We want to bring our audience into a world that can make you laugh or bring you to tears within the span of an evening. We want to surprise our audience, connect them and sometimes incite them to be open to something unexpected.

  • How did you come up with the “Made in…” project?

Over the past 30 years, we’ve given thousands of concerts with this group and gone on many different tours all over the world. That’s how we came up with ‘Made in…’. We get on a plane not knowing exactly what we’ll come across: we go in search of unique musicians that want to play with us on stage, and we aren’t even 100% sure where we’re going to be playing. We are open to the unexpected. ‘Made in Georgia’ is our 3rd! Before that, we went to the US and Cuba. We loved that, and the tours are some of the highlights of our history.

  • You pre-visited Georgia early in 2017 and met local musicians to plan the May tour. How do you look back on this visit: are Georgian musicians open to such initiatives as the “Made in…” project?

It was an amazing experience, seeing the enthusiasm of the artists in Georgia for our cunning plans and to see how open they were to playing their music on stage just a bit differently from what they usually do! That sure is promising.

  • What do you expect from the Georgian tour?

During our pre-visit, we found that Georgians are very warm and passionate people. So we hope that on our tour, the audience will react to our music with the same warmth and passion! And of course, after the concerts, we hope to enjoy some of that delicious Georgian wine…!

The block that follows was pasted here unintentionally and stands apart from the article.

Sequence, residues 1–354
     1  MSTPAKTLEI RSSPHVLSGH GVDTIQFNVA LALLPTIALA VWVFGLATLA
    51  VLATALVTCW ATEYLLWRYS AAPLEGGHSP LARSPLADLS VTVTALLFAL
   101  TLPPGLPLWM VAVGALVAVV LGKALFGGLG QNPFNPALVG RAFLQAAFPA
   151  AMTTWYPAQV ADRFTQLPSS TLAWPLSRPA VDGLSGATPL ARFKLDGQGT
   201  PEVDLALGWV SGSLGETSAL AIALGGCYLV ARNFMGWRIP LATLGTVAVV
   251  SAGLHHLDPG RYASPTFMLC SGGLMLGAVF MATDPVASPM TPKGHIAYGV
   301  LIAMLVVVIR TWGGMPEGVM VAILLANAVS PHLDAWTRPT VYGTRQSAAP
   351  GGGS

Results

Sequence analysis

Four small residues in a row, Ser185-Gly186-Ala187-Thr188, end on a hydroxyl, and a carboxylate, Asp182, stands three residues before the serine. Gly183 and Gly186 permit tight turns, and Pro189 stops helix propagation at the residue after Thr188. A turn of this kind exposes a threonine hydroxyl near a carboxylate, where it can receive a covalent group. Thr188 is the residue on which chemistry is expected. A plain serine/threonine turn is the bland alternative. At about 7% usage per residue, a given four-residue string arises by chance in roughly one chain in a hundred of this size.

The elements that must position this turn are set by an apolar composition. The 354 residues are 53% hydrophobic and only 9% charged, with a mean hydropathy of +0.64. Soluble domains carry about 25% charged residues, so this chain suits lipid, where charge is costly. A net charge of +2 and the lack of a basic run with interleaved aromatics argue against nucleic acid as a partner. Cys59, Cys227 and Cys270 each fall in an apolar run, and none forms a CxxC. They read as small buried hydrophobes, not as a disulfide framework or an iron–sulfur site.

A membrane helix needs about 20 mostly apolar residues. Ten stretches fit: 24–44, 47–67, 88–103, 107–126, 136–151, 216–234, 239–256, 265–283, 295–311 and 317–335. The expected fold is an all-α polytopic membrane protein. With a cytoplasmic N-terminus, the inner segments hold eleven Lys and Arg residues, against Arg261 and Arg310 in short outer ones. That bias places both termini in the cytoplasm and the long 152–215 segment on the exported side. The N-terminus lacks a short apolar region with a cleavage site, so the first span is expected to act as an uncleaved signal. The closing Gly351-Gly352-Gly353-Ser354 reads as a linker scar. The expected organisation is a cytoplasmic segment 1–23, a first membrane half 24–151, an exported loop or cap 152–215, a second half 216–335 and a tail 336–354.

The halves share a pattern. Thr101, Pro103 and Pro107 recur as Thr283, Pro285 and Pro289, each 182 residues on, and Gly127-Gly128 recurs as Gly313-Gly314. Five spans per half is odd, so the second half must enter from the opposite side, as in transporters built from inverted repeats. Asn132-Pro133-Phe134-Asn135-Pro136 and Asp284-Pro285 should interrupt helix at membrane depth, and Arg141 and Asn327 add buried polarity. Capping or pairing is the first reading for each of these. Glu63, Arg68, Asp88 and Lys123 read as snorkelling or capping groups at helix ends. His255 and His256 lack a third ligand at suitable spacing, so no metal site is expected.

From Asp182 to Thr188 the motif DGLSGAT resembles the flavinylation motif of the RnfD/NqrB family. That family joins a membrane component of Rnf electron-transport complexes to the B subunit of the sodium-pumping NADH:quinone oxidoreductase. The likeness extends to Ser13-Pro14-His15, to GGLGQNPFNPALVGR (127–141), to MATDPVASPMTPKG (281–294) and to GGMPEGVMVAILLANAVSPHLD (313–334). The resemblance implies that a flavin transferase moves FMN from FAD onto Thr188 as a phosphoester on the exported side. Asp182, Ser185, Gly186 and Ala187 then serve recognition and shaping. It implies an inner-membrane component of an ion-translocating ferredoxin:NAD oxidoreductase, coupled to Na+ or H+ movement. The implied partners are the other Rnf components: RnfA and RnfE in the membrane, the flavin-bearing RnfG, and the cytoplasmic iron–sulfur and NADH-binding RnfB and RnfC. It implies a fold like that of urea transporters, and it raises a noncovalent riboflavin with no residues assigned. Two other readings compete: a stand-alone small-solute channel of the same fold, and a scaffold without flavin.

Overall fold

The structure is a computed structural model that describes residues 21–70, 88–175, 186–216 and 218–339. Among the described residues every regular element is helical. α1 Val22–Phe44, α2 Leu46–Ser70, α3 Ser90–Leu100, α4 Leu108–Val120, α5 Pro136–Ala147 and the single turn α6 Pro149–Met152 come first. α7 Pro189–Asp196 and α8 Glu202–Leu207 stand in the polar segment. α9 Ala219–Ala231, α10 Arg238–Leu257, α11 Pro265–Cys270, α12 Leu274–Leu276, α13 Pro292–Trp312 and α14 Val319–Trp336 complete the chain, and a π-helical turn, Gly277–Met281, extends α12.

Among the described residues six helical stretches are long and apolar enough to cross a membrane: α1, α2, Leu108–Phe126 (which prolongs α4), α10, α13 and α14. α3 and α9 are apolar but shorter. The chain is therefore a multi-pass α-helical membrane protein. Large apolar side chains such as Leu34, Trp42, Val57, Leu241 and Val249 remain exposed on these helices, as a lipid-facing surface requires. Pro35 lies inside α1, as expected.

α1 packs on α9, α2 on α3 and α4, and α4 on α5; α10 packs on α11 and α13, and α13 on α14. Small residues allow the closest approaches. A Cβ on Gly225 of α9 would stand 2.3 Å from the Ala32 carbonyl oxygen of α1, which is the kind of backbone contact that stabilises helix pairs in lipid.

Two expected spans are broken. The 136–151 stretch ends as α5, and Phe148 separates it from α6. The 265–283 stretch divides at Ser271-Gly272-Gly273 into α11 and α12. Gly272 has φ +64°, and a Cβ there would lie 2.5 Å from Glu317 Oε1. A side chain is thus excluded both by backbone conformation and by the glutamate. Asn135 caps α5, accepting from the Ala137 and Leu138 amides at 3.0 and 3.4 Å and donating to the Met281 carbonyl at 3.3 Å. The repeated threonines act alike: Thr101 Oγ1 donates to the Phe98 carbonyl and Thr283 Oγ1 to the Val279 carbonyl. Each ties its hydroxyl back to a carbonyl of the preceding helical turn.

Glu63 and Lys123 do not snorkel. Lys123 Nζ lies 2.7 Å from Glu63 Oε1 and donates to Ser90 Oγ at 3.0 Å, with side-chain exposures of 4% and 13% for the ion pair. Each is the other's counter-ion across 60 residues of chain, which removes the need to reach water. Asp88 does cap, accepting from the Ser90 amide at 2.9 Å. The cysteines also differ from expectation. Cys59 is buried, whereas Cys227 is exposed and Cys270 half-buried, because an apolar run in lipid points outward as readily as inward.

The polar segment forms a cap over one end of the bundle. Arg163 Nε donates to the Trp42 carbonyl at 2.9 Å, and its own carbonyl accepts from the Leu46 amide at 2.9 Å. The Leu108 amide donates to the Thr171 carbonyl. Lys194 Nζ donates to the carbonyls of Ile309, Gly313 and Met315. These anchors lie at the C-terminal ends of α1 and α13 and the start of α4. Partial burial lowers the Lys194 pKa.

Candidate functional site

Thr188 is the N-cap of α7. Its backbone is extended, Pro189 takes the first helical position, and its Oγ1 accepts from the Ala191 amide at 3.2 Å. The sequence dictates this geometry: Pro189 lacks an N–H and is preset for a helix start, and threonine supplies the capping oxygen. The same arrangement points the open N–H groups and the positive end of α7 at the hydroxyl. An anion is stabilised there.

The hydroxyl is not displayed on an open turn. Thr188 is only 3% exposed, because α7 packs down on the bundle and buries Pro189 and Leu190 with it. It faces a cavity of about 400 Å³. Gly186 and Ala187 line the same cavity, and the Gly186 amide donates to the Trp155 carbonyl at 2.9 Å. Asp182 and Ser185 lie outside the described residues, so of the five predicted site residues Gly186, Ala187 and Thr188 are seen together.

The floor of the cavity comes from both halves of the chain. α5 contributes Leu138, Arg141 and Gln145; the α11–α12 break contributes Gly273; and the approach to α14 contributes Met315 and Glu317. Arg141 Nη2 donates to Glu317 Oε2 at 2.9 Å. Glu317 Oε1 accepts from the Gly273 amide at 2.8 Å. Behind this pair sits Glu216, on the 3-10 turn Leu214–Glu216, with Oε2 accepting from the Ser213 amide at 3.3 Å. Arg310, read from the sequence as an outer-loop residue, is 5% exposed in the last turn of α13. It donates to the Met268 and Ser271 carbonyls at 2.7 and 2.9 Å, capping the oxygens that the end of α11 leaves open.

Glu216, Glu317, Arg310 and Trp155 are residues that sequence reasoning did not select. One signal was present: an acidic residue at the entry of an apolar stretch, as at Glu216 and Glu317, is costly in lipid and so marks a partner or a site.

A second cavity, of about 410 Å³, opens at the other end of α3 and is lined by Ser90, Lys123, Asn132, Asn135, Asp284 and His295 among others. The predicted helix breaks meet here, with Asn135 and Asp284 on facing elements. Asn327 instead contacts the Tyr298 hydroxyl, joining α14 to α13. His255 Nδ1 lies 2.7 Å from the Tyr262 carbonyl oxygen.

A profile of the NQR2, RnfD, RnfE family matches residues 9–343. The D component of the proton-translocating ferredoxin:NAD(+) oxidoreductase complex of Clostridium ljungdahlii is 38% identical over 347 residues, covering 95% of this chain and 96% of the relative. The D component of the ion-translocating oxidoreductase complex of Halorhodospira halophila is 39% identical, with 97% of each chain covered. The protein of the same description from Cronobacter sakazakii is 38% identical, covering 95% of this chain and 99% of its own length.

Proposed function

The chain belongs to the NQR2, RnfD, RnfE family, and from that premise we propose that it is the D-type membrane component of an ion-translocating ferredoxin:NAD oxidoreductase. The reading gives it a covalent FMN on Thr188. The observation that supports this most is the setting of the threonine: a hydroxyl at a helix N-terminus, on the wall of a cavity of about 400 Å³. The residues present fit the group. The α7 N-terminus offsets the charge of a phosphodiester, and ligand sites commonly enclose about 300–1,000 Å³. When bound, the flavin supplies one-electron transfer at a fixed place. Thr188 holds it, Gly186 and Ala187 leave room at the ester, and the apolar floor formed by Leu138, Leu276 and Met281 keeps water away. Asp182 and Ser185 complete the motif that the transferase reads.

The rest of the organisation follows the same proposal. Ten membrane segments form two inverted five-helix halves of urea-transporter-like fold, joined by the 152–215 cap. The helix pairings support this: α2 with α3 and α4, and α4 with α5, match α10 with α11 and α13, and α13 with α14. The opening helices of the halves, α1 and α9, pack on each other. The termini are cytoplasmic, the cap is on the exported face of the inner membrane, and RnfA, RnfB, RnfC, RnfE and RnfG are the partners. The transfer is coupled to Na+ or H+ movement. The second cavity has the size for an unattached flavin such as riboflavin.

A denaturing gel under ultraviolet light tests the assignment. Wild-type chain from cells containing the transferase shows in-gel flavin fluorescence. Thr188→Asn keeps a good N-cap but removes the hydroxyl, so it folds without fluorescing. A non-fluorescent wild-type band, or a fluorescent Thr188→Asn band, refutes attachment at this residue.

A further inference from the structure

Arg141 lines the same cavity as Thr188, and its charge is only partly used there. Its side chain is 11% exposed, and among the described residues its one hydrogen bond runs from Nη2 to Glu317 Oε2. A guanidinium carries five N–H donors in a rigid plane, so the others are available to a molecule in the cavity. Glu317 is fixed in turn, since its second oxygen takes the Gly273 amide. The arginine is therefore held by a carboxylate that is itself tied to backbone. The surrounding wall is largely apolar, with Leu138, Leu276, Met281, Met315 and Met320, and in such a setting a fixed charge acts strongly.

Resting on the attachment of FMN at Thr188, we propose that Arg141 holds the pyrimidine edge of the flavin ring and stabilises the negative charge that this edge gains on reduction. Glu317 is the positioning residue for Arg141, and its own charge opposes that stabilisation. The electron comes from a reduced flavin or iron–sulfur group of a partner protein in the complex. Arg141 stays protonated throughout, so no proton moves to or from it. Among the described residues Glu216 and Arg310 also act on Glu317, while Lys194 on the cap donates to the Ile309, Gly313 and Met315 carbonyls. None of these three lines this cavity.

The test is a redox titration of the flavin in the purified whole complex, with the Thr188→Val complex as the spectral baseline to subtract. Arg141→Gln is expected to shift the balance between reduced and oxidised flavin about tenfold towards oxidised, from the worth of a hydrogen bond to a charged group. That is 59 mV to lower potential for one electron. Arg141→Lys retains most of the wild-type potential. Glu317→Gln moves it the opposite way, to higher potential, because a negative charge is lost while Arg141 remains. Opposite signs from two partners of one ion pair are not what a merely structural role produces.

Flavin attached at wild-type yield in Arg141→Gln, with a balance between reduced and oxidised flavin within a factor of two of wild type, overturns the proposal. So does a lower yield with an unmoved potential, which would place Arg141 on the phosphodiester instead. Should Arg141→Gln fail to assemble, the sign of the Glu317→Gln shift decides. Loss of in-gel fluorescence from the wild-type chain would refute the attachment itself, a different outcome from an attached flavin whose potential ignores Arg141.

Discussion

Photo : Christopher Pugmire

Levan Tskhadadze, Georgian clarinet-player, an organizer and participant of the “Made  in… Georgia” project.

  • How did you get involved in “Made in… Georgia”?

The Nederlands Blazers Ensemble intended to visit Georgia long ago. I met Bart Schneemann for the first time in 2005 at the Tbilisi Conservatory when he was performing ‘A Walk in Childhood’ devoted to Gia Kancheli along with the Conservatory Students Orchestra conducted by Lev Markiz. So, the first ideas of visiting Tbilisi with his ensemble were born then. Later, I tried to invite them to my festival, but it didn’t work out. Finally, we have this tour and I was invited to join as an organizer and musician. I believe that this project will be remarkable and memorable for all participants.  

  • A few words about your professional background.

I studied in Tbilisi, Amsterdam, Munich and Nice. At present I play a lot of chamber music at different festivals and in various musical halls in Europe. In addition, Tbilisi Conservatory invited me as a lecturer of wind-instruments this year. Plus, I established a festival of wind-instruments in 2009 to be held for the ninth time this year. 

  • What do you expect from this tour and how do you see the collaboration of Georgian and Dutch musicians?

This ensemble has a wide experience not only in performing classical music, but also in putting together and synthesising different musical genres, so I see this collaboration resulting in an incredible product, having no analogue in Georgia or beyond. 

  • How were local musicians chosen for the project?

Musicians were presented by me, but chosen by Bart Schneemann. The main purpose was to put together versatile Georgian musical genres in one concert.  

  • About your future plans in short.

I wish to continue actively contributing to Georgian classical music, as I have for the past ten years. There are also some interesting concerts in the Netherlands, Germany and France ahead. Additionally, two remarkable projects with Georgian Sinfonietta will take place in Austria and France. Our collaboration has a number of highlights, such as: Chiatura Musical Academy (2010-2013), the first Georgian orchestra on Mezzo, a concert in Amsterdam Concertgebouw (2012), performing unknown musical pieces at the festival of wind-instruments and much more. I am sure future projects will also be great.